Judge Pollack also canvassed the case law. He found that City of Burlington v. Turner, 336 F.Supp. 594 (S.D. Iowa 1972), modified and aff'd, 471 F.2d 120 (8th Cir.1973), simply established that the "just and reasonable" rule must include a reasonable return on the investment of capital. Automobile Club, 706 F.Supp. at 273 n. 9. The case of Clarksburg-Columbus Short Route Bridge Co. v. Woodring, 89 F.2d 788 (D.C.Cir.), remanded for dismissal as moot, 302 U.S. 658, 58 S.Ct. 365, 82 L.Ed. 509 (1937), had greater relevance: it involved two competing bridges. The Secretary of War (exercising the power later entrusted to the Secretary of Transportation) ordered the tolls on one bridge lowered. The court held that the Secretary erred in considering only the bridge owner's return on his investment. Competitive factors should also be considered, as in I.C.C. ratemaking. The other bridge might be driven out of business by the reduced tolls; therefore, the owner of that bridge had a right to be heard before the tolls were lowered. 89 F.2d at 793-94. Clarksburg-Columbus thus "established the principle that a toll producing a seemingly unreasonably high rate of return may in fact be reasonable if its rate base does not include other facilities which are related to the facility in question." Automobile Club, 706 F.Supp. at 273. In this case, we are concerned with different facilities that are owned and operated by one entity, the Port Authority. The principle in Clarksburg-Columbus would, mutatis mutandis, support the inclusion of those facilities in a single rate base if they are related to each other.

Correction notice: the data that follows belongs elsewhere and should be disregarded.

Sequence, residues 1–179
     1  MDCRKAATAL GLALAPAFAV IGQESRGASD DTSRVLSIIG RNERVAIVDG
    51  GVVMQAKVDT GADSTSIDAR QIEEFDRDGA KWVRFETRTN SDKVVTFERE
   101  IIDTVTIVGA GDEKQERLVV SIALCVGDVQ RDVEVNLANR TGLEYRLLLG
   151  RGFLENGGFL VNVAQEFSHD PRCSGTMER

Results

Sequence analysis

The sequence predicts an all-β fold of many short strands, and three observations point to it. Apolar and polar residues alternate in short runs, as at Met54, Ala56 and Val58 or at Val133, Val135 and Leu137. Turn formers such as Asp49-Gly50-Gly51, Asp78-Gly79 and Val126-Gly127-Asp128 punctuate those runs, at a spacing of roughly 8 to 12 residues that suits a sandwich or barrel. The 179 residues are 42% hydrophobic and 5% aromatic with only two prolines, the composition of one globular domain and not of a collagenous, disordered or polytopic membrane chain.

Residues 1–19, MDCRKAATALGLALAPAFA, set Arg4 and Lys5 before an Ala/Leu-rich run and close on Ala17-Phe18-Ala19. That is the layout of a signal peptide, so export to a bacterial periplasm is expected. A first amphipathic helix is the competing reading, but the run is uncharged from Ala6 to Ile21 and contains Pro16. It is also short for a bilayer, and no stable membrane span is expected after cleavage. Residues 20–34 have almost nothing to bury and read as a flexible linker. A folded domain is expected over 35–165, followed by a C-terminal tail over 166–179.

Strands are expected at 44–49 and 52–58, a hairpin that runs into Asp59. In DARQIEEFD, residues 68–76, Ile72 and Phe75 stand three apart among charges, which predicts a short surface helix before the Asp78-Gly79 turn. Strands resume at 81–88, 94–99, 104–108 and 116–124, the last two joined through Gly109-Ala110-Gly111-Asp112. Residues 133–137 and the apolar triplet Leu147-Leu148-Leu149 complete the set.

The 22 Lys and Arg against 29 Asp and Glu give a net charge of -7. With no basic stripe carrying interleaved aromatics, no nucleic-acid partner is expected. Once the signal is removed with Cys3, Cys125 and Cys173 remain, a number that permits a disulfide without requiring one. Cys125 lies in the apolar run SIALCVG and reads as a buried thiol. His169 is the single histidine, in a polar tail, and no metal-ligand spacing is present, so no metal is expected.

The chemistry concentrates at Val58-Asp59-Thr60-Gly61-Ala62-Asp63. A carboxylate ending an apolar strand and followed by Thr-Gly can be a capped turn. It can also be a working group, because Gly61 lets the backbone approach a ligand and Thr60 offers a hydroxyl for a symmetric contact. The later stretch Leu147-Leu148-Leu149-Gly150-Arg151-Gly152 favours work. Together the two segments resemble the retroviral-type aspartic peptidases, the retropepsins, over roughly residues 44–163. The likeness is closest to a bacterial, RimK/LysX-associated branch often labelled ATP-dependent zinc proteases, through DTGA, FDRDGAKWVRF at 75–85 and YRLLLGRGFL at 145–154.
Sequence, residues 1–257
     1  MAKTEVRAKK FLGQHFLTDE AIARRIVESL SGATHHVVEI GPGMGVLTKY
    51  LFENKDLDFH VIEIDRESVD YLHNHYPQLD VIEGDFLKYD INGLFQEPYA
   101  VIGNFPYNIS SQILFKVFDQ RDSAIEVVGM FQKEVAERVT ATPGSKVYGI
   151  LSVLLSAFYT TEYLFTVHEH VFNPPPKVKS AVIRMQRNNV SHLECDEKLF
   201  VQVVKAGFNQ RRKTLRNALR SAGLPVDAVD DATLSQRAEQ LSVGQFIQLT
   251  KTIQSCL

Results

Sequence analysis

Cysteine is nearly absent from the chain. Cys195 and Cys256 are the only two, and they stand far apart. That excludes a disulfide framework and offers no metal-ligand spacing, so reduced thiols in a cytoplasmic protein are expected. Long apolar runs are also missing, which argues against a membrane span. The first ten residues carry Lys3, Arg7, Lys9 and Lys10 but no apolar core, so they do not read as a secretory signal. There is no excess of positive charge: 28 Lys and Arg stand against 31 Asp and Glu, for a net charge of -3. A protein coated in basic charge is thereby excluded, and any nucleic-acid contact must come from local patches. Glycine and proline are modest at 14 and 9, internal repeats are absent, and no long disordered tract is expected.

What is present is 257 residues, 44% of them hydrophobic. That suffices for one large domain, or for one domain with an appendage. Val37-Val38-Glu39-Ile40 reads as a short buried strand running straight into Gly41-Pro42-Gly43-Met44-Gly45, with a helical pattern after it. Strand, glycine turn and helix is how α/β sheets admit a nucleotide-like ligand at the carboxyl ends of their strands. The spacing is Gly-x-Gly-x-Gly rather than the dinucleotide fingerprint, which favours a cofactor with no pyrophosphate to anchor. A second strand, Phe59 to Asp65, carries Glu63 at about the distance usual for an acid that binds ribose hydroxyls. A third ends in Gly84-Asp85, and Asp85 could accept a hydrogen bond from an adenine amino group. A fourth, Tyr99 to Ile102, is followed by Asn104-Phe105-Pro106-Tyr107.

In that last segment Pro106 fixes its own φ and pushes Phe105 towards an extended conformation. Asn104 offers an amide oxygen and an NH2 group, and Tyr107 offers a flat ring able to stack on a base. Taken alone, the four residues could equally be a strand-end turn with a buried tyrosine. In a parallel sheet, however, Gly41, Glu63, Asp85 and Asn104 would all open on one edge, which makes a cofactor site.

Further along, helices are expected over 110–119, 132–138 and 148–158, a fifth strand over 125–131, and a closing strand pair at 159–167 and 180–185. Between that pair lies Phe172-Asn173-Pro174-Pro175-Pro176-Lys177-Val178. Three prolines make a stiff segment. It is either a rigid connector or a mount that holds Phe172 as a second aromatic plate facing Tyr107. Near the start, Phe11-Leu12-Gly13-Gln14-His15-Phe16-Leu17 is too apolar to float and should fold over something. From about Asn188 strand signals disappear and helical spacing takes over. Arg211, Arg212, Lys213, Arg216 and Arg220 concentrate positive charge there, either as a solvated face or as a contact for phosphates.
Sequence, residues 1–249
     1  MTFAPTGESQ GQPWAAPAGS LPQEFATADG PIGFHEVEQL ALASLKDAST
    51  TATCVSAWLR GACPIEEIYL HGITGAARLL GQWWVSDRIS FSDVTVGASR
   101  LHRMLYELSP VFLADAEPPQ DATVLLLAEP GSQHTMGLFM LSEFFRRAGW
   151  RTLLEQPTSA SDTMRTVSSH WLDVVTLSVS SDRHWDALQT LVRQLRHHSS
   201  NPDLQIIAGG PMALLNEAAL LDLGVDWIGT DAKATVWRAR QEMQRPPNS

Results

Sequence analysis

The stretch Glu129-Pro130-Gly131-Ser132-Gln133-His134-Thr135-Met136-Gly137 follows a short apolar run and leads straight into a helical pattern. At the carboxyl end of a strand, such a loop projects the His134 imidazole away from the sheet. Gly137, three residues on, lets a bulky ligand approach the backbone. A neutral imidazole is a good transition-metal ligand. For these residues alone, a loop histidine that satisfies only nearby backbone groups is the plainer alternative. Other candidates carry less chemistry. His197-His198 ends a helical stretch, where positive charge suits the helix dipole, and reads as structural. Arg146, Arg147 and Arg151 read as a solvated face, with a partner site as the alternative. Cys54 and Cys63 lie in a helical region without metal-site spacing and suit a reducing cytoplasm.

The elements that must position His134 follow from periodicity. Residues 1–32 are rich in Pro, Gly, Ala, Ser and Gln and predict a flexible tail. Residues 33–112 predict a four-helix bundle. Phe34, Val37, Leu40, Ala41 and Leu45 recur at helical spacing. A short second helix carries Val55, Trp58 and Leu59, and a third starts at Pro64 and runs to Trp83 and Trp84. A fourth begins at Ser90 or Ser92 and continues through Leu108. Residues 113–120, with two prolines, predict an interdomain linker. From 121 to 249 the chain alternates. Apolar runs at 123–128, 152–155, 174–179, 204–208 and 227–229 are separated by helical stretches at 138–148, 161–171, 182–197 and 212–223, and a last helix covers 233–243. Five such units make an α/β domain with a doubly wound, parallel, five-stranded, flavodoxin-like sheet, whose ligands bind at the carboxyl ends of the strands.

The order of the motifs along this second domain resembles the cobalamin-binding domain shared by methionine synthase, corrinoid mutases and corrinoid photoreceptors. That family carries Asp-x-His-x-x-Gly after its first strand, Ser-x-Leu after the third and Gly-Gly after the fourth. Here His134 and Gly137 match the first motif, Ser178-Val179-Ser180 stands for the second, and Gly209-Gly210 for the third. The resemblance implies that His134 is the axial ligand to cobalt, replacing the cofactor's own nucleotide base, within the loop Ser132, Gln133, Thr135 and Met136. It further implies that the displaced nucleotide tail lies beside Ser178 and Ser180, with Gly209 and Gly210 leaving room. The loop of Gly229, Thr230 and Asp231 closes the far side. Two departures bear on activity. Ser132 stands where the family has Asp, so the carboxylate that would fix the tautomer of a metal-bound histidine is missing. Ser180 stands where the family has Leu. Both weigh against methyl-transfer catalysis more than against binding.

Finally, there was Automobile Club v. Cox, 592 F.2d 658 (2d Cir.1979), a prior incarnation of the present case. In Cox, the Auto Clubs contested the decision of the Federal Highway Administrator to approve increases in the Port Authority's bridge tolls that went into effect in 1975. The Auto Clubs adopted an "all or nothing" strategy in the lawsuit: They resisted the inclusion of any other river crossing facility--i.e., not just PATH but the tunnels and the bus terminal, as well--in the rate base of the four bridges. The underlying factual issue thus was whether PATH was sufficiently related to the Port Authority's bridges to justify subsidizing PATH with revenues from bridge tolls. The court reviewed that action under the "arbitrary [and] capricious" standard of 5 U.S.C. Sec. 706(2)(A), since the administrative approval of toll rates for the future constitutes rulemaking. Id. at 664. Writing for a unanimous panel of this court, Judge Henry J. Friendly sustained the action of the Administrator because it was not arbitrary or capricious. Id. at 673.